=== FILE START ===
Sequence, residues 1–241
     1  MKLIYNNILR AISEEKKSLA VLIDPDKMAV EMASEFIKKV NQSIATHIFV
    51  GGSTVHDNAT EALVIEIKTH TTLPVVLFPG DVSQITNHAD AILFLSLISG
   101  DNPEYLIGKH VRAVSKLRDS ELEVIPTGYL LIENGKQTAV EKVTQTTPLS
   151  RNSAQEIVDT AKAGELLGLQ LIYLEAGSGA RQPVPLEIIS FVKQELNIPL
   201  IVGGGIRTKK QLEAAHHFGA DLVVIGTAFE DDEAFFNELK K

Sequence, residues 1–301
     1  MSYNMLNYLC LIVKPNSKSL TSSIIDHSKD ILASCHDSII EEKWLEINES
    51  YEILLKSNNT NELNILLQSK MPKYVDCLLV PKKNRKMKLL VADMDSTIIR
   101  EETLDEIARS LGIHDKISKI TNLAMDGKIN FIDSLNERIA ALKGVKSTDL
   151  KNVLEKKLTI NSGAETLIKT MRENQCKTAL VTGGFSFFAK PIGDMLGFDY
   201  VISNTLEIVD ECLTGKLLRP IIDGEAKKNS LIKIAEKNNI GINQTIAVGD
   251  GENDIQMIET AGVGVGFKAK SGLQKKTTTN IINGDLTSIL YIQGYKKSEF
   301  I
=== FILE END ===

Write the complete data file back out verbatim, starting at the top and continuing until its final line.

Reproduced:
Sequence, residues 1–241
     1  MKLIYNNILR AISEEKKSLA VLIDPDKMAV EMASEFIKKV NQSIATHIFV
    51  GGSTVHDNAT EALVIEIKTH TTLPVVLFPG DVSQITNHAD AILFLSLISG
   101  DNPEYLIGKH VRAVSKLRDS ELEVIPTGYL LIENGKQTAV EKVTQTTPLS
   151  RNSAQEIVDT AKAGELLGLQ LIYLEAGSGA RQPVPLEIIS FVKQELNIPL
   201  IVGGGIRTKK QLEAAHHFGA DLVVIGTAFE DDEAFFNELK K

Sequence, residues 1–301
     1  MSYNMLNYLC LIVKPNSKSL TSSIIDHSKD ILASCHDSII EEKWLEINES
    51  YEILLKSNNT NELNILLQSK MPKYVDCLLV PKKNRKMKLL VADMDSTIIR
   101  EETLDEIARS LGIHDKISKI TNLAMDGKIN FIDSLNERIA ALKGVKSTDL
   151  KNVLEKKLTI NSGAETLIKT MRENQCKTAL VTGGFSFFAK PIGDMLGFDY
   201  VISNTLEIVD ECLTGKLLRP IIDGEAKKNS LIKIAEKNNI GINQTIAVGD
   251  GENDIQMIET AGVGVGFKAK SGLQKKTTTN IINGDLTSIL YIQGYKKSEF
   301  I